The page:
At least 12 people were killed in election-day clashes in Bangladesh on Sunday, after a bloody campaign overshadowed by a crackdown on the opposition by Prime Minister Sheikh Hasina, who is expected to win a historic but controversial fourth term.
Three men were shot by police while eight others died in clashes between activists from the ruling Awami League Party and opposition Bangladesh Nationalist Party (BNP), police said.
An auxiliary police member was killed after being attacked by opposition activists armed with guns and sticks, according to officials.
Voting, which ended at 4:00pm (1000 GMT), was held under tight security. Polls have predicted that Hasina will clinch a third-consecutive term and record fourth overall.
Bangladesh’s leader has been lauded for boosting economic growth in the poor South Asian nation during an unbroken decade in power and for welcoming Rohingya refugees fleeing a military crackdown in neighbouring Myanmar.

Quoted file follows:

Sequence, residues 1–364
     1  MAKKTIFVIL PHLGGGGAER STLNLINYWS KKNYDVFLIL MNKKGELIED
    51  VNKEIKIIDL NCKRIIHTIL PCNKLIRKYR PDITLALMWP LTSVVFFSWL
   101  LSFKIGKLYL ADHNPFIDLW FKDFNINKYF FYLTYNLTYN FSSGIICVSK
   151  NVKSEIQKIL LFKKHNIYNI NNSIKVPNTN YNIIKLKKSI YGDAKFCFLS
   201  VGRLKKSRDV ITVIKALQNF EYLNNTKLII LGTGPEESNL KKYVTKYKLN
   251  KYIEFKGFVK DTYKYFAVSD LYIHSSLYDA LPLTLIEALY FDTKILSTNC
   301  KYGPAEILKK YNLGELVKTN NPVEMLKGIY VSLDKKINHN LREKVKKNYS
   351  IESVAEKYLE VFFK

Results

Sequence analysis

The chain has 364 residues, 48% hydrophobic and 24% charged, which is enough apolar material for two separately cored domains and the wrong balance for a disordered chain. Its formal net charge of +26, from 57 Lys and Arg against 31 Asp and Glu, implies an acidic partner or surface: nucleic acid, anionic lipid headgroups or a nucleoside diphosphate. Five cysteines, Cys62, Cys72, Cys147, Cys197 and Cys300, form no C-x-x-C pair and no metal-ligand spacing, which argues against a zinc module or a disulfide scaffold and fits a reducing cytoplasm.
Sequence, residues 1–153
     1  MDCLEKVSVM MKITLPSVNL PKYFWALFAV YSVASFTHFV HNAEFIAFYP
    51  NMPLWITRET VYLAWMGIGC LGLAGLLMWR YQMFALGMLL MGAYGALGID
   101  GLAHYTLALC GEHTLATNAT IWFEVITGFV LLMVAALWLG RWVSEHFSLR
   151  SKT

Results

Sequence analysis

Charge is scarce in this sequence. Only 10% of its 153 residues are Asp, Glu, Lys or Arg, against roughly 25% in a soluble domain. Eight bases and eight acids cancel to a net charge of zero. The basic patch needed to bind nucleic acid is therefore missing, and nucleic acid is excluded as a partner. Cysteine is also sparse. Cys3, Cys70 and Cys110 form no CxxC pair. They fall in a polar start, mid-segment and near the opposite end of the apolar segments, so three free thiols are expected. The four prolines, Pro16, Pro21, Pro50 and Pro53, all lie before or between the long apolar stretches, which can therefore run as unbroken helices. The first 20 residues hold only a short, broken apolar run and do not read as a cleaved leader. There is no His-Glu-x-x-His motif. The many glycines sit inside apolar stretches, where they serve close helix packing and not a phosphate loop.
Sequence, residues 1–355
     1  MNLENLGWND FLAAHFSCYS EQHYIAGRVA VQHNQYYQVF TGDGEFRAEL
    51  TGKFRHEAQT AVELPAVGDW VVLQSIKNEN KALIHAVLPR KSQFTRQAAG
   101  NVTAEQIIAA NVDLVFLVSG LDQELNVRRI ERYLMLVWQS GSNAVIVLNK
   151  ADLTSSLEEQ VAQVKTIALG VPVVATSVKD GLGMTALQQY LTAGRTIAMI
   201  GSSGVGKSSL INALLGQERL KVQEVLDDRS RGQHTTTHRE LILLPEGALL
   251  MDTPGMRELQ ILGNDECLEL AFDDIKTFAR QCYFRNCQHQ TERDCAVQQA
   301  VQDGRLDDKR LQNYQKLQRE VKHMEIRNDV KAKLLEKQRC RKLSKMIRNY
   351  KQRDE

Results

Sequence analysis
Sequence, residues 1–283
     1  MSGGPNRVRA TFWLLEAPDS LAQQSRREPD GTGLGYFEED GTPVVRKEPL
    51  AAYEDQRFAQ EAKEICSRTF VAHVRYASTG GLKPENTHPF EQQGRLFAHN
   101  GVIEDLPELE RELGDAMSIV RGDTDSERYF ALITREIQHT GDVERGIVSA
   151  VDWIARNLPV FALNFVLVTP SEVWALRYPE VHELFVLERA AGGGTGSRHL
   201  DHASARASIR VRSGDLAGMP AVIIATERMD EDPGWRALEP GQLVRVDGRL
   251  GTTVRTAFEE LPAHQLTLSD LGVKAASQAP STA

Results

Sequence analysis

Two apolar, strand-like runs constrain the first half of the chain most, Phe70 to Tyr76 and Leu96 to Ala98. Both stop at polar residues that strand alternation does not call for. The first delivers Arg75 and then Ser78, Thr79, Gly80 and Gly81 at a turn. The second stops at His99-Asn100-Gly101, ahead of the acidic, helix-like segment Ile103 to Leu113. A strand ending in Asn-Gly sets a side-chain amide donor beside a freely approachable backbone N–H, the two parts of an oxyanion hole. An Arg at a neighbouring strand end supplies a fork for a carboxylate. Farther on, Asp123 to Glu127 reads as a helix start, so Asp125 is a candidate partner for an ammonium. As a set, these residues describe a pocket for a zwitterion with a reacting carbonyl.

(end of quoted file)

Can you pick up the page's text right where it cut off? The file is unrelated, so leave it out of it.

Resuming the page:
But critics accuse her of authoritarianism and crippling the opposition — including arch-rival Khaleda Zia who is serving 17 years in prison on graft charges — to cling on to power.
The election campaign was marred by violence between supporters of Hasina’s Awami League and Zia’s BNP.
Some 600,000 security personnel were deployed across the South Asian country, including at 40,000 polling stations.
Authorities ordered mobile operators to shut down 3G and 4G services until midnight on Sunday “to prevent the spread of rumours” that could trigger unrest.
The election-day deaths brought to 16 the official police toll for election violence since the ballot was announced on November 8.
Police said they acted “in self-defence” in the southern town of Bashkhali, when they opened fire on opposition supporters who attempted to storm a polling booth, killing one.
In a separate incident another man was shot by police after he tried to steal a ballot box.